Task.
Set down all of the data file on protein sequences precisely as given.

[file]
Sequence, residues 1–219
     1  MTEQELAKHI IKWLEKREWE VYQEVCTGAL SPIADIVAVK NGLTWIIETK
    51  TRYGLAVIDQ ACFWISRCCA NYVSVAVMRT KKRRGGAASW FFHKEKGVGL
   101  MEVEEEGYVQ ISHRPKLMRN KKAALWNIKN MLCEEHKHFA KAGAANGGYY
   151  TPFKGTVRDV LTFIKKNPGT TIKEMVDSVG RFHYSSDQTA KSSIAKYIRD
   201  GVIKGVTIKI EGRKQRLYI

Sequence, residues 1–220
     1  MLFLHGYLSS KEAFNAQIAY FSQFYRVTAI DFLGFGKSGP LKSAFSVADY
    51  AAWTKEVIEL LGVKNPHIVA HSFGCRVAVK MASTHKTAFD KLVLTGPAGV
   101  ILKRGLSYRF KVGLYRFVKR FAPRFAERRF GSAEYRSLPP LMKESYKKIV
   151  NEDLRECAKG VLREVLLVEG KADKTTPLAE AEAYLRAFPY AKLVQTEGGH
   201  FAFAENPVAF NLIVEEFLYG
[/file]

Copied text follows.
Sequence, residues 1–219
     1  MTEQELAKHI IKWLEKREWE VYQEVCTGAL SPIADIVAVK NGLTWIIETK
    51  TRYGLAVIDQ ACFWISRCCA NYVSVAVMRT KKRRGGAASW FFHKEKGVGL
   101  MEVEEEGYVQ ISHRPKLMRN KKAALWNIKN MLCEEHKHFA KAGAANGGYY
   151  TPFKGTVRDV LTFIKKNPGT TIKEMVDSVG RFHYSSDQTA KSSIAKYIRD
   201  GVIKGVTIKI EGRKQRLYI

Sequence, residues 1–220
     1  MLFLHGYLSS KEAFNAQIAY FSQFYRVTAI DFLGFGKSGP LKSAFSVADY
    51  AAWTKEVIEL LGVKNPHIVA HSFGCRVAVK MASTHKTAFD KLVLTGPAGV
   101  ILKRGLSYRF KVGLYRFVKR FAPRFAERRF GSAEYRSLPP LMKESYKKIV
   151  NEDLRECAKG VLREVLLVEG KADKTTPLAE AEAYLRAFPY AKLVQTEGGH
   201  FAFAENPVAF NLIVEEFLYG